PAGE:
Project enlisting churches to reach Muslims, Hindus and Buddhists in Texas

Although the percentage of Muslims, Buddhists and Hindus in Texas is still relatively small, these groups are growing and they present an opportunity Texas Southern Baptists should not miss, says Terry Coy, SBTC senior church planting strategist.

“How does a Baptist church engage, evangelize and plant churches among those people groups?” Coy asked.

The answer, Coy said, involves awareness of the changing demographics in many Texas cities, engaging new people groups with a missionary mindset, transforming them through relational evangelism, and modeling the process for other churches to do the same.

That four-step model is the template for the People Group Champions Project, an SBTC endeavor that has moved from a pilot program involving just a couple of churches to the implementation stage, which Coy hopes will flourish as churches catch a vision for reaching Muslims, Hindus, and Buddhists in their communities.

The reason for emphasizing evangelization of these three groups is that they, like evangelical Christians, are involved in proselytizing, and the window of opportunity for gospel work among them is often as they are assimilating into their new culture, Coy said.

“They may not be numerically large in Texas,” Coy explained, “but they are growing very fast. Also, we need to counter the missionary strategy of those groups, especially Muslims.”

Chad Vandiver, the church planting specialist for the People Group Champions Project and a consultant to the SBTC missions department, is conducting the training for churches interested in pursuing outreach to these people groups. Vandiver grew up on the mission field in Paris and in West Africa, playing with Muslim friends and sharing Christ with them from an early age.

Later, as a Southern Baptist missionary in Madrid, Spain, his experience with Muslims led to his teaching English in the largest mosque there, he said.

“As immigrants move in droves to Texas, it’s practically becoming a foreign mission field,” Vandiver said. “There are whole communities in Texas that have developed around a new religious or ethnic group, which has caused a need for churches to become strategically minded in how to reach these new neighbors with the hope of Jesus.”

What is surprising to many people, Vandiver said, is the movement of Muslims into rural communities, such as Royce City, where about 800 of them now live. Sizable Muslim communities exist in Irving, McKinney, and Sherman as well.

One reason for a drift to rural towns is that “real estate is cheaper for one thing and there is opportunity for them to develop a community,” Vandiver said.

When Jerry Jewell began noticing an Islamic community center on his drive from Copperas Cove to Killeen, he remembered a question Vandiver posed to him in an earlier meeting: “What about Muslims in your community?”

“I told Chad about it and he said, ‘Why don’t we go over there?’ We went over with some New Testaments and introduced ourselves. We tried to take the imam to lunch. But they invited me to go to lunch with them. I went over and ate with them several times. I ended up visiting their worship service. While I was listening to the imam talk, he said the Koran came down from Heaven to Mohammad just like he gave the Old Testament to Moses and the New Testament to Jesus.”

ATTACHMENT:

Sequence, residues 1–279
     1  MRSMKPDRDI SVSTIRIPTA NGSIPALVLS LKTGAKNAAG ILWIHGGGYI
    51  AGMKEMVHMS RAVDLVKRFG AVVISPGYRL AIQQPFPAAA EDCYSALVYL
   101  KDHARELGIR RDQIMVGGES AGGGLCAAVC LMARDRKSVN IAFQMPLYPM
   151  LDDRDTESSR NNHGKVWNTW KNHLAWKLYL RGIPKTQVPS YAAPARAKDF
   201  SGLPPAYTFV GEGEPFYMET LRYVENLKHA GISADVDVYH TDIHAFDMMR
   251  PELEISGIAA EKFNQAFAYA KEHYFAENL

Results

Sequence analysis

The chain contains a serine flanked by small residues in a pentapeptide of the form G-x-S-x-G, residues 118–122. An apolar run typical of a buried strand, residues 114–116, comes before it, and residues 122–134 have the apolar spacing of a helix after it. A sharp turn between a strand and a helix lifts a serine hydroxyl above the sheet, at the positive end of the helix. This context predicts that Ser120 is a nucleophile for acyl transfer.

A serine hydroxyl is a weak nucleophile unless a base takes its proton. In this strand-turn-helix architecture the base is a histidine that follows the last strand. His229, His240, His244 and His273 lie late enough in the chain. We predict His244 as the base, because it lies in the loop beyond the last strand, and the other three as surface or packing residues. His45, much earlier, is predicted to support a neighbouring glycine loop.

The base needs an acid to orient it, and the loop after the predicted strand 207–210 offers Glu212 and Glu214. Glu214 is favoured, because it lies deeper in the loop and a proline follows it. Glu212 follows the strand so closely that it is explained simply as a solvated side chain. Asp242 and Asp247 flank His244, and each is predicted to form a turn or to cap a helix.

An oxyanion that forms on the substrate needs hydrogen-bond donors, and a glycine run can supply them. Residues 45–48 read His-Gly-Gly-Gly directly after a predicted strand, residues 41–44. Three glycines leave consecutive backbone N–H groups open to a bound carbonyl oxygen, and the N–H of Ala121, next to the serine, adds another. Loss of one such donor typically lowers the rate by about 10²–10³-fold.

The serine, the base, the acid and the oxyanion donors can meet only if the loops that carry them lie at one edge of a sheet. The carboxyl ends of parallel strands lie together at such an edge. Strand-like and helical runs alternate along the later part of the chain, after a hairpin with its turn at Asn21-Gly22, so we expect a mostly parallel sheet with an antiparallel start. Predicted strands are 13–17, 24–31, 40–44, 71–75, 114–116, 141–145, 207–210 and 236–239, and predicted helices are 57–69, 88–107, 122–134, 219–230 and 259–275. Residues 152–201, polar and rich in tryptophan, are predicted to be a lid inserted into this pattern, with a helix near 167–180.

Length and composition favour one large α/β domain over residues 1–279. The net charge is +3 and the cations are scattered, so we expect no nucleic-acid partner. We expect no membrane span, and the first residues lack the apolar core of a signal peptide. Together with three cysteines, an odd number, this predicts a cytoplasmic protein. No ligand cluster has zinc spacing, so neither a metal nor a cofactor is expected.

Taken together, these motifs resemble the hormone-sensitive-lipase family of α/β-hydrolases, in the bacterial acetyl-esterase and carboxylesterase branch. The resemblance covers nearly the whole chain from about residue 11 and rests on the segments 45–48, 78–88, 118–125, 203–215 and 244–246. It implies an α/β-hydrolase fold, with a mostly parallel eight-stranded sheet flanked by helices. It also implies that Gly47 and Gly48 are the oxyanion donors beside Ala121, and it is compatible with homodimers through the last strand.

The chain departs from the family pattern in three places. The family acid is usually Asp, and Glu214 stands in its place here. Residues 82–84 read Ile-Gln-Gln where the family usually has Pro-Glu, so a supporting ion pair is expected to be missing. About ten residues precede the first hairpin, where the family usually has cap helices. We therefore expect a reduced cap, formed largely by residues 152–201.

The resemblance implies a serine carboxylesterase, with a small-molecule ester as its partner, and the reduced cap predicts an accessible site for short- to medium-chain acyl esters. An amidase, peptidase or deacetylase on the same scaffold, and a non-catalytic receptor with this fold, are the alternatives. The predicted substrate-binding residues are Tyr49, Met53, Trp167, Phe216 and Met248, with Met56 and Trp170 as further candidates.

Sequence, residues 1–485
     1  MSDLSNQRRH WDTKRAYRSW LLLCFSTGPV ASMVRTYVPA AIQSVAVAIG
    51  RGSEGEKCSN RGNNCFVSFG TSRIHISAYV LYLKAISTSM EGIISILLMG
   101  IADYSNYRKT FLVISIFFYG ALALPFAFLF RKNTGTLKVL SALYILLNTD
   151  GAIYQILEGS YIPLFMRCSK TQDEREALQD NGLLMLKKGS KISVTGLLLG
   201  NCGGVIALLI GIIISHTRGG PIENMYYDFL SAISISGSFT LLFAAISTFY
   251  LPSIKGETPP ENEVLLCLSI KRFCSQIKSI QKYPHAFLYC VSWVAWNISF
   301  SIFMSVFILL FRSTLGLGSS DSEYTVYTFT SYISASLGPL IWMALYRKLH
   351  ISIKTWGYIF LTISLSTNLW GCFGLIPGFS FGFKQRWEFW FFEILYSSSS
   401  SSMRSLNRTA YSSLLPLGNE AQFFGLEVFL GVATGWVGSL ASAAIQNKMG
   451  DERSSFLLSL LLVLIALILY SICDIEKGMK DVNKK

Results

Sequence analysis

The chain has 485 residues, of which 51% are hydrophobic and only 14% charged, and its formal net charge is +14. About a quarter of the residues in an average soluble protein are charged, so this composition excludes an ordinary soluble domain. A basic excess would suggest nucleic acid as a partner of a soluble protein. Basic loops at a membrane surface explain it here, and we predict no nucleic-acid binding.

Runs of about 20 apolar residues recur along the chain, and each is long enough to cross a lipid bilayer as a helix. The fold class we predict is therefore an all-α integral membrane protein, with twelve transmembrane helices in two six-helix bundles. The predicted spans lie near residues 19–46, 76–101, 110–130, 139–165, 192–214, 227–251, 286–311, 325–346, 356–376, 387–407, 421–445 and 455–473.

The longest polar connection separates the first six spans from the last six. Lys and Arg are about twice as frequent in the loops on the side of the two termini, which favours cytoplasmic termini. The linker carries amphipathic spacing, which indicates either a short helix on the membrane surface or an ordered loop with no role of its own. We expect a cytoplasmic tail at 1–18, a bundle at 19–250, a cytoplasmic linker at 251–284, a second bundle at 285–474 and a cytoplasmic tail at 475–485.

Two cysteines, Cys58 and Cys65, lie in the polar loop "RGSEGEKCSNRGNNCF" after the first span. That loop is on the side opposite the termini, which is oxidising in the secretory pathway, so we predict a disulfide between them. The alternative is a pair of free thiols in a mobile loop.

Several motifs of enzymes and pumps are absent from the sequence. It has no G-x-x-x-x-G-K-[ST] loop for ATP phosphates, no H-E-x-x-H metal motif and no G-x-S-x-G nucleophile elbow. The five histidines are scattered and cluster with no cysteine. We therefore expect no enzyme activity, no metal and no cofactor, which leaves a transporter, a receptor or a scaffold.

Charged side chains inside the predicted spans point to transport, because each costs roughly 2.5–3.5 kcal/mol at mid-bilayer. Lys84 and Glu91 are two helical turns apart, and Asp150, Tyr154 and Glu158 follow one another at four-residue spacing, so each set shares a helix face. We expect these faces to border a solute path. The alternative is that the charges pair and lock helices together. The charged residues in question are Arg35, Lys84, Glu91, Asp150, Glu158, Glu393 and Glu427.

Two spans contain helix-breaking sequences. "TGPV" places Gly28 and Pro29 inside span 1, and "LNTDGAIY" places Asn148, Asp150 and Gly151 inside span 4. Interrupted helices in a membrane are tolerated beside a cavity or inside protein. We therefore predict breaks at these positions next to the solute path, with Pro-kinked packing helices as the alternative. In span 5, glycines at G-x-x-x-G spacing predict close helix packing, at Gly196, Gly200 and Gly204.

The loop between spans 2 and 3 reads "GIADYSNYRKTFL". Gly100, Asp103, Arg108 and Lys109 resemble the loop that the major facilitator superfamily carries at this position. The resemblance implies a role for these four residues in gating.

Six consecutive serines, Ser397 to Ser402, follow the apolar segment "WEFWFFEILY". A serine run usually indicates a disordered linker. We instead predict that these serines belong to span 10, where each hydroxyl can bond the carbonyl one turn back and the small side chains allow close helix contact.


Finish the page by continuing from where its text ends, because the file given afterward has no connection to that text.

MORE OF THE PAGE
Afterwards, one of the Muslim men remarked that if God gave a New Testament, the old one must not have been any good. Jewell remarked to him that in the Old Testament, “God tells us he’s going to give out a new covenant.”

On another visit, Jewell was able to have a discussion about Heaven with a man from Pakistan. In the meantime, Jewell said he is trying to develop awareness among his flock of 50 or so members that a foreign mission field exists among them.

“Culturally, this is still Texas, but demographically it’s the world,” Jewell said.

Vandiver said, “With Muslims, like never before, the Lord is opening doors for us to share Christ with them.”

Coy said estimates of the number of Muslims in Texas, for example, range from 350,000 to 500,000, with Hindus and Buddhists not far behind.

By 2015, Islam could be the second-largest American religion, surpassing Judaism, although by some estimates it has already eclipsed Judaism, said Tiffany Smith, SBTC missions mobilization associate. Smith said globalization has increased religious diversity in the West.

“It fundamentally changes the contexts in which we minister, the way people and cultures perceive each other, how people think, and the means available to spread the gospel,” she said during a global missions seminar at the SBTC Church Planters’ Retreat in February.

“God loves the nations, and as Christians, we are to have the same love for the nations,” Smith said.
Coy said churches involved in the People Group Champions Project are trained in four segments, the first of which involves identifying and embracing a people group in their city, learning about and praying for that group, and prayer walking in the area where the group lives, works and worships.

The end goal is starting a church planting movement among a given people group, he said.

“This endeavor has been well-received thus far,” Coy said. “It’s just a matter of more churches being trained and implementing the strategy for reaching these people groups in their communities.”

For more information on the People Group Champions Project, visit sbtexas.com/missions or contact Chad Vandiver at 817-584-8164 or by e-mail at cvandiver@sbtexas.com.

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